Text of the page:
Email updates

Keep up to date with the latest news and content from BMC Complementary and Alternative Medicine and BioMed Central.

This article is part of the supplement: Scientific Abstracts Presented at the International Research Congress on Integrative Medicine and Health 2012

Open Access Oral presentation

OA02.02. Effect of MBSR and psychological state on inflammatory markers in HIV positive adults

E Weston1*, P Moran1, M Acree1, J Moskowitz1, M Kemeny2, E Elissa2, P Bacchetti3, K Barrows1, S Deeks4 and F Hecht1

  • * Corresponding author: E Weston

Author Affiliations

1 University of California, San Francisco (UCSF), Osher Center for Integrative Med, San Francisco, USA

2 Department of Psychiatry, UCSF, San Francisco, USA

3 Department of Epidemiology and Biostatistics, UCSF, San Francisco, USA

4 Department of Medicine, UCSF, San Francisco, USA

For all author emails, please log on.

BMC Complementary and Alternative Medicine 2012, 12(Suppl 1):O6  doi:10.1186/1472-6882-12-S1-O6

The electronic version of this article is the complete one and can be found online at: http://www.biomedcentral.com/1472-6882/12/S1/O6


Published:12 June 2012

© 2012 Weston et al; licensee BioMed Central Ltd.

This is an Open Access article distributed under the terms of the Creative Commons Attribution License (http://creativecommons.org/licenses/by/2.0), which permits unrestricted use, distribution, and reproduction in any medium, provided the original work is properly cited.

Purpose

HIV induces a pro-inflammatory response that is linked to increased morbidity and mortality. Stress and depression have been associated with elevated inflammation. We sought to test whether Mindfulness Based Stress Reduction (MBSR) would improve high sensitivity C-reactive protein (hsCRP) and D-dimer in HIV+ adults, and to explore the cross-sectional and longitudinal relationships between psychological state and these markers.

Methods

We randomized antiretroviral-untreated HIV+ adults with CD4+ counts >250 cells/µl to MBSR or an education/support control group. Baseline, 3, and 12 month measures included: Perceived Stress Scale (PSS), Beck Depression Inventory (BDI), Patient Health Questionnaire-9 (PHQ), State Trait Anxiety Inventory (STAI), and Positive and Negative Affect Scale (PANAS+/-). Data were censored for starting antiretroviral therapy during follow-up.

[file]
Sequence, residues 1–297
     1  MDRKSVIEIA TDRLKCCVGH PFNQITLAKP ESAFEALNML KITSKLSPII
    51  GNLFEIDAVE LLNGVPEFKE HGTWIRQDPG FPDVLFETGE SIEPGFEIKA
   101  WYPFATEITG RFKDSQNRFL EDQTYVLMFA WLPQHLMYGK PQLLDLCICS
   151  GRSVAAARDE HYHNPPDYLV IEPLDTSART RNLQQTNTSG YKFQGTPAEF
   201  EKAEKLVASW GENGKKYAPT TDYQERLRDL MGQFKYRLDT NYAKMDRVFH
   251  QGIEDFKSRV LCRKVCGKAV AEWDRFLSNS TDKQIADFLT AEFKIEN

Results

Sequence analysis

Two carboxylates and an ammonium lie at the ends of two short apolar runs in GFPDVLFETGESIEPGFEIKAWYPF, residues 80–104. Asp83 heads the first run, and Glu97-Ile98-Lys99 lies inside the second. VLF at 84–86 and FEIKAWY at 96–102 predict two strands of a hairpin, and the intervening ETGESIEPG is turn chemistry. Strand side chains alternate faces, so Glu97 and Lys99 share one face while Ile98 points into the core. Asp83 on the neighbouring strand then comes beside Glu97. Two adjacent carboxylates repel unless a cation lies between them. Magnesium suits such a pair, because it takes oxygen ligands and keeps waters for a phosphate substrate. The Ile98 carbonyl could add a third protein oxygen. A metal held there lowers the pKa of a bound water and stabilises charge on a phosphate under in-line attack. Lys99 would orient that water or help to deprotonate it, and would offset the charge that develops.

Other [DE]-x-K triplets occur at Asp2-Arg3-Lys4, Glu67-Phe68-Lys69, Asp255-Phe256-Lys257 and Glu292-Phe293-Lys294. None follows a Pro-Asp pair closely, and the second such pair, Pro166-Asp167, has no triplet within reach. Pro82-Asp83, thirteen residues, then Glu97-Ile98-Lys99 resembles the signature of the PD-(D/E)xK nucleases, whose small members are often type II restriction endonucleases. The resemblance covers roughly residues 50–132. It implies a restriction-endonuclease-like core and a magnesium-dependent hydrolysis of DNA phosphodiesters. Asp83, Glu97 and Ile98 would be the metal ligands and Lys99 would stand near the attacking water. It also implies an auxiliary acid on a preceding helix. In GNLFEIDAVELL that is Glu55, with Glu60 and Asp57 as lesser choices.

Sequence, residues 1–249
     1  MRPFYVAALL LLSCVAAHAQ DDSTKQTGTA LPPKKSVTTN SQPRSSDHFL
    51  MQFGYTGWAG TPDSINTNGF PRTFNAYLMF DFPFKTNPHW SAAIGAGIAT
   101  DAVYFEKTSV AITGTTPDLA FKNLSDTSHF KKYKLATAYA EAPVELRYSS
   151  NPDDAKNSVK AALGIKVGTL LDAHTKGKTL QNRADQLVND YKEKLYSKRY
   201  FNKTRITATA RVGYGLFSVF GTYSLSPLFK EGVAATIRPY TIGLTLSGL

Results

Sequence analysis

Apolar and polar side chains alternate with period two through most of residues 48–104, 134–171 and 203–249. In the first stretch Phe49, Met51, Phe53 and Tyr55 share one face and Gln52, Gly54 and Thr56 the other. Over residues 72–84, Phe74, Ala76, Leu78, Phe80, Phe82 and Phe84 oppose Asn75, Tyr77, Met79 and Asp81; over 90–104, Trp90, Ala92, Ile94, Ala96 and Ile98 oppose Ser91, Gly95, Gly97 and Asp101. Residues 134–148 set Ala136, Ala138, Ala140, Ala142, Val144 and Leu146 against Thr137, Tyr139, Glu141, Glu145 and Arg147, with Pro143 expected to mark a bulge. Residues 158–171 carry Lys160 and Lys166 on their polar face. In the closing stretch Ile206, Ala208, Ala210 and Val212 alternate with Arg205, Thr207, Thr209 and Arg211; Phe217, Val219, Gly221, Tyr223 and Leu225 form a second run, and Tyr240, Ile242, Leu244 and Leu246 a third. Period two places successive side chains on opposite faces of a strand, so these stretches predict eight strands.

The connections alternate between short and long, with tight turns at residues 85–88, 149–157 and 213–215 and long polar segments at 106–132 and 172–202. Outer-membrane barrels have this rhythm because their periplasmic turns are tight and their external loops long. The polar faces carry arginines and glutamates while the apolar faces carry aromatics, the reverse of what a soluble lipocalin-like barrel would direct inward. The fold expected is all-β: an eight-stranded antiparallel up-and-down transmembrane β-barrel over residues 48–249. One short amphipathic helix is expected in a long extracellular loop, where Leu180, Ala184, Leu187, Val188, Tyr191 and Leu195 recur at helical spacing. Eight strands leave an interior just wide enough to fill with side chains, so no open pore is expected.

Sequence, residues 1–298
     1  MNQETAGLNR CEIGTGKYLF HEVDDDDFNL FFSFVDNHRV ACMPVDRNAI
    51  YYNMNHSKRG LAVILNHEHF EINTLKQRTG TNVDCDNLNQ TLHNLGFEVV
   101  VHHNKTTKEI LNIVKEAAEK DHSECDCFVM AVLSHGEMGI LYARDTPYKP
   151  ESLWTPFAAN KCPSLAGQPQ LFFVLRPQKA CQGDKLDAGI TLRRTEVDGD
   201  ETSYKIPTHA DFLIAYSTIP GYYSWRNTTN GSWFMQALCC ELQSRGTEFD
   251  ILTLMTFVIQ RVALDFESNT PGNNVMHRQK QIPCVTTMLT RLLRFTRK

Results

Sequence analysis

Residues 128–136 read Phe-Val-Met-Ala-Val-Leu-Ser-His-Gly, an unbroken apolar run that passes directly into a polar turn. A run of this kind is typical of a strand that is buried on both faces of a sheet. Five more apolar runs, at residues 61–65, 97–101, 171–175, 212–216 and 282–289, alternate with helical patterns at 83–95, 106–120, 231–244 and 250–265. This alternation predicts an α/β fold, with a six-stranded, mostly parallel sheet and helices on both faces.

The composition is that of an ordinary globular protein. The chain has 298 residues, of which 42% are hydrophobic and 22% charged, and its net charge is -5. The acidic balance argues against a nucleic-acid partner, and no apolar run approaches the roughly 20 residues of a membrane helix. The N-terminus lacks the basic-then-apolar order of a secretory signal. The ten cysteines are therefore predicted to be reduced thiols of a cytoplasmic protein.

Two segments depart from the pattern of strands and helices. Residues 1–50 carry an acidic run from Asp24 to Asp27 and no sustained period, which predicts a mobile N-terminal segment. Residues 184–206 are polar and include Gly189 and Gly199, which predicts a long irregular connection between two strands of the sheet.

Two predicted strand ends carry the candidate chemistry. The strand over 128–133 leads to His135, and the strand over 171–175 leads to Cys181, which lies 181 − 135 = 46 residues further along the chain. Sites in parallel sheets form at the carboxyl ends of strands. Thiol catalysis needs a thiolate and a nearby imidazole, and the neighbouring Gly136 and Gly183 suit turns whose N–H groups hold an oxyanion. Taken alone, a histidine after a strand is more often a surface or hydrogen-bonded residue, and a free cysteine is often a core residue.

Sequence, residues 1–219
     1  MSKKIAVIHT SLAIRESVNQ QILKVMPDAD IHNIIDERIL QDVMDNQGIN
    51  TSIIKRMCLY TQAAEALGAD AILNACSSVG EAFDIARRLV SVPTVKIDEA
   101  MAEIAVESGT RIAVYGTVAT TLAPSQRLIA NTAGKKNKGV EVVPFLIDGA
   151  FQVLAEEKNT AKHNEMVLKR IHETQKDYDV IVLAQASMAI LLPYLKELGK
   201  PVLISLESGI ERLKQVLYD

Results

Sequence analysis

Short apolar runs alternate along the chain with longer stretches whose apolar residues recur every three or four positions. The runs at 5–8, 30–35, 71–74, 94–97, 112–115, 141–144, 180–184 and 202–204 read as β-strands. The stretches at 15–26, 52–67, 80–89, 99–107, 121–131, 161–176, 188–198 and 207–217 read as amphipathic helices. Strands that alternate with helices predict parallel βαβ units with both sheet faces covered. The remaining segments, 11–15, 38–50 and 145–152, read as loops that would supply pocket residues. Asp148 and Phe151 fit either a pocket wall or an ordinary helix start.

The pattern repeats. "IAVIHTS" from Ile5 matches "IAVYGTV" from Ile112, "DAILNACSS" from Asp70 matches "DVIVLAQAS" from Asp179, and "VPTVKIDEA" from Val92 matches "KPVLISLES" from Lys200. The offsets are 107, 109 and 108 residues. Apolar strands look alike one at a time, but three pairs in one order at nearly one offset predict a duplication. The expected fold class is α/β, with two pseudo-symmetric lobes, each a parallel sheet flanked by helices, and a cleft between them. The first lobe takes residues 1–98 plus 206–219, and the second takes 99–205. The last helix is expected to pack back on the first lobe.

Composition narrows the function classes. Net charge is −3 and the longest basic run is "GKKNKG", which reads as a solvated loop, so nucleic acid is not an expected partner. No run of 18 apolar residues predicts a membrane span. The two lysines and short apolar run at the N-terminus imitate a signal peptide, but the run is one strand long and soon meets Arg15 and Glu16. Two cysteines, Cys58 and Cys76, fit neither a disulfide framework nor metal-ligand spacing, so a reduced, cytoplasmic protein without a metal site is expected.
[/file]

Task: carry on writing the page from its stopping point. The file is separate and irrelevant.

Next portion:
Results

Of 177 participants, 132 (71 MBSR, 61 control) had complete specimen panels and were eligible for this sub-study. MBSR did not appear to have a substantial effect on change in hsCRP or D-dimer from baseline to 3, or 12 months (p>0.10), though CIs were wide. hsCRP at baseline was positively correlated with: PSS (β=0.18, p=0.034), BDI (β=0.21, p=0.014), PHQ (β=0.15, p=0.087), PANAS+/- (β=0.17, p=0.049), and STAI (β=0.19, p=0.030). hsCRP was correlated with BMI (β=0.25, p=0.004). After controlling for BMI, age, and viral load, hsCRP remained associated with BDI (β=0.19 p=0.03) and STAI (β=0.16 p=0.065). D-dimer showed no substantial baseline correlation with any scale (β<0.1, p>0.5). No substantial longitudinal relationships were found between change in hsCRP or D-dimer and change in any psychological measure (β<0.12, p>0.2).

Conclusion

MBSR did not appear to substantially improve hsCRP or D-dimer. Correlations between hsCRP and psychological measures were in hypothesized directions. The observation that hsCRP was associated with depression in multivariate analysis suggests a causal association between these processes. Interventional studies aimed at reducing inflammation, or improving mood, are needed to clarify this association and to identify future therapeutic strategies.